Bacteria have many ways of tolerating stressful circumstances. Some have special genes coding for robust stress-tolerance systems which allow them to keep out toxic substances, pump out toxic substances, or fortify themselves against lethal conditions. Others take common stress-tolerance systems and make them work overtime. But more often than not, bacteria survive stressful situations through forming a community.*
This community is known as a biofilm, which isn’t overly informative, but is certainly shorter to say than “amalgamation of bacteria, viruses, dead cells, and extracellular goo,” which is what a biofilm actually is. Biofilms can be 3D and very dense, or one layer of cells thinly covered in extracellular matrix (goo), as can be seen in the two different images below. These images both show biofilms made up of a single type of bacteria, but in nature, they’re more likely to be made up of many different types. While not strictly speaking a multicellular organism, these communities do communicate with each other (more on that later) and help each other.
So what makes a biofilm helpful to the bacteria?
- Many sanitizers can’t get through the gooey layer covering the biofilm in order to kill the bacteria. Consequently, bacteria in a biofilm are much more likely to survive sanitation procedures.
- The bacteria in the biofilm are often experiencing some level of stress (oxygen stress towards the center, nutrient stress, toxic byproduct building up, etc). This primes them to survive harsher stresses.
- The close contact allows bacteria to exchange DNA easily, which allows antibiotic resistance genes, stress resistance genes, and virulence genes to be passed around between the biofilm’s inhabitants.
- Biofilms are extremely resistant to being scrubbed off or even cooked off. Even if all the bacteria in the biofilm are killed, chances are the biofilm’s extracellular matrix (goo) components will still be left on, which makes it easier for new bacteria to attach to the surface.
So what do bacteria need to form a biofilm?
- A sufficient number of bacteria to make it practical. I’m not sure anyone knows what this number is, but bacteria do take a headcount via a sort of molecular sonar (quorum sensing).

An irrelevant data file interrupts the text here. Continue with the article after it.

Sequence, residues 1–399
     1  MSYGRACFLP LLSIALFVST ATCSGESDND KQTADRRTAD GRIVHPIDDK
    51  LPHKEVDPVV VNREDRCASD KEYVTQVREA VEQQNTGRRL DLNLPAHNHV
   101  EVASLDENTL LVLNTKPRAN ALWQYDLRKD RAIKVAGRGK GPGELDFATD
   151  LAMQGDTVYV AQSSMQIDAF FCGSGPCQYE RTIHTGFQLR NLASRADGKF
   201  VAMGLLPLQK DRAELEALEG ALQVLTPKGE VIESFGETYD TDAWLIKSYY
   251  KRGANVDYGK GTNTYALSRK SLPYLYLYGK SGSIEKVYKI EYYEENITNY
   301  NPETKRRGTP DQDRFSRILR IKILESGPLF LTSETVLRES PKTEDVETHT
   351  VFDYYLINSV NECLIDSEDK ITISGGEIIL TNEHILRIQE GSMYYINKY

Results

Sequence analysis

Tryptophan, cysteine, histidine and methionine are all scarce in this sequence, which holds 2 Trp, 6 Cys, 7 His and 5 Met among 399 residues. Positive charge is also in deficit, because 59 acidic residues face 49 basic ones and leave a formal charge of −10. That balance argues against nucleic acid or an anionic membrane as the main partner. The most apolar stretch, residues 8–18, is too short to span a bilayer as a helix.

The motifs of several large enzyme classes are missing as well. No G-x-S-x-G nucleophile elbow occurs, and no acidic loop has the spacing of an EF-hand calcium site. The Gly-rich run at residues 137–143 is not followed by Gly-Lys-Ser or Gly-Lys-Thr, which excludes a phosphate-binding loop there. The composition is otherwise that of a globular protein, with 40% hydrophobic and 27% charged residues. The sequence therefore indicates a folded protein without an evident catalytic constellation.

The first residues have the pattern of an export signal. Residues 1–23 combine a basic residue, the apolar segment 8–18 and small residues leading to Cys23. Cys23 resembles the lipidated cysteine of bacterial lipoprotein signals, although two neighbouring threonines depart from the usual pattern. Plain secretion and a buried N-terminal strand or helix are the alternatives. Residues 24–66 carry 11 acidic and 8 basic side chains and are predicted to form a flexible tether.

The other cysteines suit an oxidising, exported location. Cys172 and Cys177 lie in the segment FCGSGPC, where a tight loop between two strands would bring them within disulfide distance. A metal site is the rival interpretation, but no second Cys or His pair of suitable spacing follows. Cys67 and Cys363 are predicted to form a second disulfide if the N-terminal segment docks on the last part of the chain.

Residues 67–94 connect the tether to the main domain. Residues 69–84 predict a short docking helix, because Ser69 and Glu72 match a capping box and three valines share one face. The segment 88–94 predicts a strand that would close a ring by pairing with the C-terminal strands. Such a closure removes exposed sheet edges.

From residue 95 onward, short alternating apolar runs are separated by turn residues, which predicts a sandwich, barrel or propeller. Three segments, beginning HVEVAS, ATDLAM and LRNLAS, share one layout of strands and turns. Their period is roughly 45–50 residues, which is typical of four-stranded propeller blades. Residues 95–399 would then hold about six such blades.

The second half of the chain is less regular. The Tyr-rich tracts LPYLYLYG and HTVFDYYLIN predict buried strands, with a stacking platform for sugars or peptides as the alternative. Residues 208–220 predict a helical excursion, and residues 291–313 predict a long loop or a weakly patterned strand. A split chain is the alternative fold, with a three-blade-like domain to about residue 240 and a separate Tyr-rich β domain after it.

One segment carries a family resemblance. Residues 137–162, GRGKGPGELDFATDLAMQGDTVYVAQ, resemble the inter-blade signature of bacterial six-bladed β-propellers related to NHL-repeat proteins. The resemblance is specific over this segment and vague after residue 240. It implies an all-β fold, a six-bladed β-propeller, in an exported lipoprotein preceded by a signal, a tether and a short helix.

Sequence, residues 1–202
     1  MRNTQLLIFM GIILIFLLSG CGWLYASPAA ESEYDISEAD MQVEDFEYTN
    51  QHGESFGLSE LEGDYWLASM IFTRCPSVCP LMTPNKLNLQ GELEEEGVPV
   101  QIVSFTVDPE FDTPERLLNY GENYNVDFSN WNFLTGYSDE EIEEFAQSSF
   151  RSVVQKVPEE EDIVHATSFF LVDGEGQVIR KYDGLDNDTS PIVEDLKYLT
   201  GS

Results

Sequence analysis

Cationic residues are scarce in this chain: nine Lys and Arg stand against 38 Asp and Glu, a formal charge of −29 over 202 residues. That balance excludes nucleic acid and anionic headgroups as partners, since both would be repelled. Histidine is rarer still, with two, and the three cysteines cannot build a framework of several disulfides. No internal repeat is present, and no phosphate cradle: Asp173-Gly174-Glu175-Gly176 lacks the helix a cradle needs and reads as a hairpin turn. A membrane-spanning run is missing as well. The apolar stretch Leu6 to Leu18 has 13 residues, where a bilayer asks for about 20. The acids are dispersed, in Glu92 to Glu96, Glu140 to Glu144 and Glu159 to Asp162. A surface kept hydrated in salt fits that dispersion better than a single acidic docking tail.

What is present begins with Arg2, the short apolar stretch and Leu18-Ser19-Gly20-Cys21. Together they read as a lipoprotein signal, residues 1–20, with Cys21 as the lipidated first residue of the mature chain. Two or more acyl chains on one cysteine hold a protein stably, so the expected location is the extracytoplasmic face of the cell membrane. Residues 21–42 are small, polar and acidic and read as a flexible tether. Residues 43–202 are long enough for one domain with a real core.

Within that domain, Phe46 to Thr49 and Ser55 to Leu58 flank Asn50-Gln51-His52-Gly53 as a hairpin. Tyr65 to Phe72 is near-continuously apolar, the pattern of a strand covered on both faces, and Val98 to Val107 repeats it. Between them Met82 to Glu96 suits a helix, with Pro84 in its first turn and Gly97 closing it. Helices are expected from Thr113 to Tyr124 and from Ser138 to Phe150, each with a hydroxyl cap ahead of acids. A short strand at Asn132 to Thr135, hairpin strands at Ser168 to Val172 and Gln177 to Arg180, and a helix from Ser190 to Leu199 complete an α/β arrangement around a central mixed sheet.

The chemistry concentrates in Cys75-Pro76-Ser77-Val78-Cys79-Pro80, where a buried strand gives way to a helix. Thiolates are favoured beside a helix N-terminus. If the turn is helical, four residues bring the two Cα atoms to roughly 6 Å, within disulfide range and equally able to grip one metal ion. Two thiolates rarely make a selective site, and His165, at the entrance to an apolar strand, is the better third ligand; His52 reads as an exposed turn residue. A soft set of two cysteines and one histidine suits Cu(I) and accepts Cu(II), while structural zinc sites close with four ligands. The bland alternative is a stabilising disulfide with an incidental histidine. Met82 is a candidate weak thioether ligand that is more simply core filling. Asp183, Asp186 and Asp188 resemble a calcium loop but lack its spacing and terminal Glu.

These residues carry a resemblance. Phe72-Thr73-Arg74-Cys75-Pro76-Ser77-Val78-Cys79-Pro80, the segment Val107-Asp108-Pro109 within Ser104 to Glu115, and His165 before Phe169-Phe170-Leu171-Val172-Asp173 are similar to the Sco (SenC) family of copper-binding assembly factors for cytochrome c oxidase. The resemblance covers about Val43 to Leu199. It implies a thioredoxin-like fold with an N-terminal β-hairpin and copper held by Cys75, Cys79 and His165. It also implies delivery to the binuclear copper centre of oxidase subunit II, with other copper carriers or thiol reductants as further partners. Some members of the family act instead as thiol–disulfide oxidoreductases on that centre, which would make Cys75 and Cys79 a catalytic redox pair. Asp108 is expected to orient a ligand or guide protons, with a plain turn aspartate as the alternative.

- A surface they can attach to. Bacteria can attach to wood, plastics, glass, and many other surfaces, so this offers a lot of possibility.
Where do biofilms form?
- On the surfaces of fruits and vegetables, especially near the stems.
- In your kitchen sink, most likely
- On your cutting board (especially if it’s wood)
- On food processing equipment
- On meats/poultry
- In drains
- On your teeth (yes, plaque is a biofilm)
- In your gut
- In catheters inside patients
- On contaminated artificial joints/implants in humans
- Virtually anywhere
What can we do about it?
Unfortunately, prevention is the only cure. Once formed, biofilms tend to come back again and again. The takeaway from a household perspective is that bleaching your kitchen sink/cutting board is probably not going to make it sterile for very long. For a food industry, it means that if they find evidence of a biofilm, they have to replace that part of or even the entire piece of equipment. From a medical standpoint, sterility is paramount for catheters, implants, and and other common hosts of biofilms.
*This is not the kind of article where the author moralizes on the importance of communities in human stress tolerance. However, I will note that, anecdotally, communities of people who care about you are very helpful in surviving stress.
This is a nice online, plain-text chapter on biofilms by researchers at the University of Montana: https://www.cs.montana.edu/webworks/projects/stevesbook/contents/contents.html
Also a good resource: https://mpkb.org/home/pathogenesis/microbiota/biofilm